The doctrine of the laying-on-of-hands became a subject of dispute among the Redstone churches a number of years ago, most of them had, from their beginning, practiced the rite, but some were for making it a term of communion; it was, however, finally determined, that all should be left to act according to their respective opinions on the subject.

A church was formed in Pittsburg in 1812, which has probably united with the Association under consideration. In that year two Presbyterian ministers were baptized in Washington county, and another minister of the same denomination was to be baptized soon after at Chenango in Ohio, not far distant. [Massachusetts Baptist Missionary Magazine vol iii p 205]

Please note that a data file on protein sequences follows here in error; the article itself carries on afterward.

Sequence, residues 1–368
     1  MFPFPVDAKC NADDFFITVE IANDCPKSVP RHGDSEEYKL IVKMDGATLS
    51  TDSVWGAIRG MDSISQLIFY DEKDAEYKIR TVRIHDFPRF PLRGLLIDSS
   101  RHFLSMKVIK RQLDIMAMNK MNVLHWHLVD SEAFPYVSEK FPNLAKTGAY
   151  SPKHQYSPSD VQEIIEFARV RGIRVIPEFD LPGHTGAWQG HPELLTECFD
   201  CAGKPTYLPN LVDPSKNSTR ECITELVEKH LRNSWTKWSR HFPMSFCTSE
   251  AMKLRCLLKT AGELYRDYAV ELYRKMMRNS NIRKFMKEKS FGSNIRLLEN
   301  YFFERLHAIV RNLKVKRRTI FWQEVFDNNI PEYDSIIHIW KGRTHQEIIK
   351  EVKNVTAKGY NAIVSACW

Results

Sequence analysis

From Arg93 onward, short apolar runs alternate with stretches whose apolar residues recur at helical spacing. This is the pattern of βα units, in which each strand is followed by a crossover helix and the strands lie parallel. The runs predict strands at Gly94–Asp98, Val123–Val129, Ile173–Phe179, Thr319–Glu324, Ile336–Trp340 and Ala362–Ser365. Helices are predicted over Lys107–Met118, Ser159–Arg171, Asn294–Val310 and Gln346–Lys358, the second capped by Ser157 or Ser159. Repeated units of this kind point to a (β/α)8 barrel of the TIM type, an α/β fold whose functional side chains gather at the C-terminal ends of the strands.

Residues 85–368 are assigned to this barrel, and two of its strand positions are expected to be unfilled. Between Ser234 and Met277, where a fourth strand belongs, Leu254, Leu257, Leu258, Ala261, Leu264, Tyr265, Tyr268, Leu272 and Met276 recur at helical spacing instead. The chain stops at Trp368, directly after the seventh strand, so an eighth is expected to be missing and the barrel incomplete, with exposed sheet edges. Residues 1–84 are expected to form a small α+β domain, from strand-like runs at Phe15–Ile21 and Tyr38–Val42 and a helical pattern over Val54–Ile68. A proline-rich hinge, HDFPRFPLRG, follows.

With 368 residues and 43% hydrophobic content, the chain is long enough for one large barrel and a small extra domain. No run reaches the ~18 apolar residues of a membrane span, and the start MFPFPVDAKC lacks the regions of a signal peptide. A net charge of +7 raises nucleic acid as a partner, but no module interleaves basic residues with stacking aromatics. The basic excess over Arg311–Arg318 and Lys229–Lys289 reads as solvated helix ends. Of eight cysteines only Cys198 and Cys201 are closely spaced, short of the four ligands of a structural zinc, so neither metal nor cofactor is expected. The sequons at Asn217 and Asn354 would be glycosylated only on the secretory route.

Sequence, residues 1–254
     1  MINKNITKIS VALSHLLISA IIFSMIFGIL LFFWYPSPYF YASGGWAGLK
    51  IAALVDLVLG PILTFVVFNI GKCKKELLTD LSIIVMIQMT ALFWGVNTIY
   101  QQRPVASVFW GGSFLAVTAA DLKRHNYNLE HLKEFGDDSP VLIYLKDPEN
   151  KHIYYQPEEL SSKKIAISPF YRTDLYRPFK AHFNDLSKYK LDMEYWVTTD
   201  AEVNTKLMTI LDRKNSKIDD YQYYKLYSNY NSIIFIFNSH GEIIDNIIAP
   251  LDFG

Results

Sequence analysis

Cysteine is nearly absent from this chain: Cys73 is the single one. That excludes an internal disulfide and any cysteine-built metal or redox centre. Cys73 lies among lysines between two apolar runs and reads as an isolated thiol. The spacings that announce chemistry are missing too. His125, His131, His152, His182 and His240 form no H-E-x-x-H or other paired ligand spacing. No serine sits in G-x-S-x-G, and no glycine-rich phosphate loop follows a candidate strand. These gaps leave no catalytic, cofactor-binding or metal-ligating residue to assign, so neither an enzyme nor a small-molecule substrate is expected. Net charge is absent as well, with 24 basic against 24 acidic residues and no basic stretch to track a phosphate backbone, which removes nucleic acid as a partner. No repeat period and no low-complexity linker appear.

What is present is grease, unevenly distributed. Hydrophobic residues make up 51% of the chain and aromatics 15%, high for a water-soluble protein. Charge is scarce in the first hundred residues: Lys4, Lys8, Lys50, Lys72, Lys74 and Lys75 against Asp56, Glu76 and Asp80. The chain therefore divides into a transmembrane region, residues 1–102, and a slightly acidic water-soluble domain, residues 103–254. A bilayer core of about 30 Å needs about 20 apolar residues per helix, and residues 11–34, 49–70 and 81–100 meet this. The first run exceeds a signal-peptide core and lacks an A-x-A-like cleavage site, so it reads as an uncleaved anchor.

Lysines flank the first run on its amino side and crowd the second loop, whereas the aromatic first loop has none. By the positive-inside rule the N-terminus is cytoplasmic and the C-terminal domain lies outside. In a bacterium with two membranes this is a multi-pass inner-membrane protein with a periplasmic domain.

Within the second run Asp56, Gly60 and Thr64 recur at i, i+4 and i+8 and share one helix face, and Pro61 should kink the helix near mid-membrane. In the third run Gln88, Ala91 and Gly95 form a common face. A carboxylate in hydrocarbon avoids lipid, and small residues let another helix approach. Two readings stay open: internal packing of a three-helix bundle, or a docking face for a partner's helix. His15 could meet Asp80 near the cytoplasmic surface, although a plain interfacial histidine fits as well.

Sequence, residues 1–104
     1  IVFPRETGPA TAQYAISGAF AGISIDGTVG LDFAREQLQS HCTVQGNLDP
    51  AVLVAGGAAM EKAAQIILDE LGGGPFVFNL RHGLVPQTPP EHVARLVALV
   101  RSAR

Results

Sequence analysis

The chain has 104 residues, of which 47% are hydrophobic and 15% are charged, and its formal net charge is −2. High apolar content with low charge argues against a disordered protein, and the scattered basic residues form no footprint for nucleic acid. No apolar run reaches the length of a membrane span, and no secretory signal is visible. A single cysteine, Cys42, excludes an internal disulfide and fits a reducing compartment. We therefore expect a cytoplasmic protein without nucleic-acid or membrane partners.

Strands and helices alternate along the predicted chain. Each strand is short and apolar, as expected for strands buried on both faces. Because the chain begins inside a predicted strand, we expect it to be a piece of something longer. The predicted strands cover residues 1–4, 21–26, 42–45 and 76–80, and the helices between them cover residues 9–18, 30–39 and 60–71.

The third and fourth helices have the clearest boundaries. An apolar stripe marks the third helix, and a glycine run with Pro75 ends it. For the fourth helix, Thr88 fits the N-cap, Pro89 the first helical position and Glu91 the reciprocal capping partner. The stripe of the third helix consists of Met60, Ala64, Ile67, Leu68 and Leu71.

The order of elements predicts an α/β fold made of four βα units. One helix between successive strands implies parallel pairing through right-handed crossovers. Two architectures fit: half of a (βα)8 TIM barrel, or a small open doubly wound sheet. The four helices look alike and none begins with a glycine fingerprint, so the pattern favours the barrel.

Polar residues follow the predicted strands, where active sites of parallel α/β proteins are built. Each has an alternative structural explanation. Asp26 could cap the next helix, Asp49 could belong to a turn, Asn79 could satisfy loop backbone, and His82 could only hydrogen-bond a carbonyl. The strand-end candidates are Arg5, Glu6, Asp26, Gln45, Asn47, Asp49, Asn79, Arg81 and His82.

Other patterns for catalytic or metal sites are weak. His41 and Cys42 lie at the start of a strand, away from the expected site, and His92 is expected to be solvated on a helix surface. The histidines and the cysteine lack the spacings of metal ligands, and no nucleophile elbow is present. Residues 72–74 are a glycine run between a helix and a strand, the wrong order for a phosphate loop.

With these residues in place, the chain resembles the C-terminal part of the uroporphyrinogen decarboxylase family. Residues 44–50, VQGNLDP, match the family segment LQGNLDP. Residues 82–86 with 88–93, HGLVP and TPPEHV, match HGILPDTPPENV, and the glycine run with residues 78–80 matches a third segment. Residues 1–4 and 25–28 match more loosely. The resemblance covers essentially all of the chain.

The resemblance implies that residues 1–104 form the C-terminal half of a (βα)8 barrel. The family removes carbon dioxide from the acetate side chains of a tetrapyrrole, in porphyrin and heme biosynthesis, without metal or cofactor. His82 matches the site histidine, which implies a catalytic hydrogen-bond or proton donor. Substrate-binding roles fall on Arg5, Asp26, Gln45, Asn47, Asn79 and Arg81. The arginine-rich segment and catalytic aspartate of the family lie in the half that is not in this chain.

In the neighborhood of this association, a small collection of churches, some of whom were formerly members of it, have formed a Confederacy under the name of the Covenanted Independent Baptists. Their principal leader appears to be Dr. Thomas Hersey, a native of Massachusetts, who began preaching in the state of Ohio. These churches are, as they say, called by some Semi-Calvinists, by others, Semi-Arminians. From the best information it appears, that the principal difference between them and the Redstone Association turns upon the doctrine of the atonement as stated by Gill and Fuller. [Those who may wish for a further account of the sentiments of these Independent Baptists, may find them expressed in a Word, published by Dr. Horsey in 1810, entitled, "Experimental Views," etc.]